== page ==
A Baking Myth

17Jul09

Many people have given up baking from scratch at home. They use the premade cookie dough, premade pie crust, boxed cake mixes, etc. They have gotten scared from doing it themselves because they have heard that everything needs to be precise. You’ll hear many cookbooks tell you how IMPORTANT precise measuring is when it comes to baking because of all the CHEMISTRY going on. “Oh, no, you CAN’T use measuring cups, you have to do everything by WEIGHT and you shouldn’t use just ANY scale, it should be digital and measure down to the nano-gram (you DID know it had to be METRIC didn’t you?).”

In reality, there is a fair amount of leeway available in any given recipe. As evidence, pull out two or three random cookbooks and look at a recipe for Chocolate Chip Cookies. While they all will have a similar list of ingredients, odds are they are not exactly the same. They will all have slightly differing amounts of each ingredient each of which will make slight changes in the result. They probably even have different baking temperatures and times. One cookie will be a little sweeter, the next might be a little more cake-like, and the other might stay soft longer. The most important reason for the precise measurement is to achieve a perfectly consistent result—and even that isn’t guaranteed. Your dough might be warmer today because it’s June instead of January, it could be a little more humid because it’s raining outside for the last week, or you’ve been baking lots of cookies today and the cookie sheet is still a little warm from the last batch to come out of the oven. I’ve heard that avid bread bakers will actually get more rise out of their bread over time because of yeast particles floating around the air in the kitchen. A great pastry chef (no, I don’t claim to be one myself) knows this: they can feel the air in the kitchen or see little cues as they go and know they have to tweak the recipe this way and that to get the same end product they got yesterday. The important thing to know is what each of these variables will do to your finished product. Another good example: look at any baking mix product in your cupboard. A lot of them have “High altitude directions”. Of course that’s because there are atmospheric differences between say Denver and New Orleans. They’re usually for altitudes of 3500 to 6000 feet. But how much difference can there be from 3200 to 3500 feet? Why isn’t it actually a sliding scale? “Add ¼ teaspoon flour, increase baking temperature by five degrees and increase baking time by 1 minute for every 750 feet elevation above sea level.” Who is getting the “perfect” recipe?

I learned recipe flexibility kind of early in life. When I was taking a Home Economics class in Junior High (officially titled Foods I, cleverly followed by Foods II and Foods III) one of the first things we made was Chocolate Chip Cookies. Of course, with a class of 25 or so and only 6 kitchen stations we had to work in groups. We had gotten the lecture about being very careful measuring everything and one of our grading criteria was how the final product came out. Of course the teacher knew the recipe like the back of her hand. We’re all working at getting everything measured out (the whole group is working at it as fast as we can) and we get to the vanilla. The kid with the vanilla measured out comes over to the bowl and dumps it in at the same time as a couple of us realize that he has out a Tablespoon when the recipe called for a Teaspoon. There was a panicked “No WAIT!” but it was too late. It was in the bowl. We all kind of looked at each other and wondered—Do we admit the mistake and start over (and possibly not have time to finish) or do we just push onwards. I think I might have been the first to say “Let’s just deal with it.” Later the cookies come out of the oven and the teacher checks them all. She gives out the grading sheets—PERFECT SCORE! With an incorrect ingredient we got the only perfect score in the class. Ever since then I’ve tripled the vanilla in EVERY Chocolate Chip Cookie recipe I’ve ever made—and now I even use Double-Strength!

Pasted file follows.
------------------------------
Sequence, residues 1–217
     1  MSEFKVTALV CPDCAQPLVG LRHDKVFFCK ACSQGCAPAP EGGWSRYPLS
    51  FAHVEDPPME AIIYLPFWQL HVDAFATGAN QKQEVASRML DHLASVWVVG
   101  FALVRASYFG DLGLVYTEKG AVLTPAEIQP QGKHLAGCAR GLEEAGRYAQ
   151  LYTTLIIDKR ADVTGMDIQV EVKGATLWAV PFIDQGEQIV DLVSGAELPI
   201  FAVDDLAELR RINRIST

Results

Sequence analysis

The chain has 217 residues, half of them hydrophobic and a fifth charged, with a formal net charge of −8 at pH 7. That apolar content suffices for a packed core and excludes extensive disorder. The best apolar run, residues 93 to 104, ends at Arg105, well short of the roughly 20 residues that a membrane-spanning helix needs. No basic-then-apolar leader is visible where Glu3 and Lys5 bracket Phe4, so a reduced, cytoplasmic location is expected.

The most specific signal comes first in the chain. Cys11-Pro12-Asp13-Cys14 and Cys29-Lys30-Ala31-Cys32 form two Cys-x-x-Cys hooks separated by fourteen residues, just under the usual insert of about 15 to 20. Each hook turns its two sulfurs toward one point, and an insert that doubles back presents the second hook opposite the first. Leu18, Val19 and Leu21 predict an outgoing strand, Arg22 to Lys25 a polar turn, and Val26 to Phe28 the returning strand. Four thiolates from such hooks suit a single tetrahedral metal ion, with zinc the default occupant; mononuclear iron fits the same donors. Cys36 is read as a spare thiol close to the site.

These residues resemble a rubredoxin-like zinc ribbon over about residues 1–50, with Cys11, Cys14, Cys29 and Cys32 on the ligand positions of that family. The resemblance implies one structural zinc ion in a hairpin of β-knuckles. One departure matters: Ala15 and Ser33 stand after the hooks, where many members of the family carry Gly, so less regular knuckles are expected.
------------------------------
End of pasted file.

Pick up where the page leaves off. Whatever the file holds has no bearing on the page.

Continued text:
Now I’ve developed a fly-by-the-seat-of-my-pants style of cooking. If I haven’t ever made something before I’ll pull out a few of my cookbooks to find a recipe, search online for one, or both. I look them all over and make note of the similarities and the differences. I’ll have one of the recipes on the counter, but as I go I’m making little tweaks here and there based on the other recipes I’ve looked at and then some more based on just knowing what it’s likely to do. I don’t think I’ve followed a recipe to the letter more than once in years—I’ve got some recipes that I’ve written myself and I don’t even follow those precisely. Baking can be such fun if people can just relax and let it be.

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One Response to “A Baking Myth”

  1. 1 Bruce

    I hardily endorse your recipe suspicions for three reasons: 1) Tastes are different. I like salt, a friend’s dad has high blood pressure. She grew up with extremely low salt content and is now acutely aware of salt content. 2) Ingredients are different. Especially in baking, the precise protein content of the flour changes the degree it absorbs moisture which will change the crumb immensely. Reactivity of leavening can be a wildcard too. 3) Recipes are often not tested as well as you might imagine. I like to pick on Artisan Bread in Five Minutes a Day . A book with about 225 pages and more than 20 errata (http://www.artisanbreadinfive.com/?page_id=73).

    Good post.


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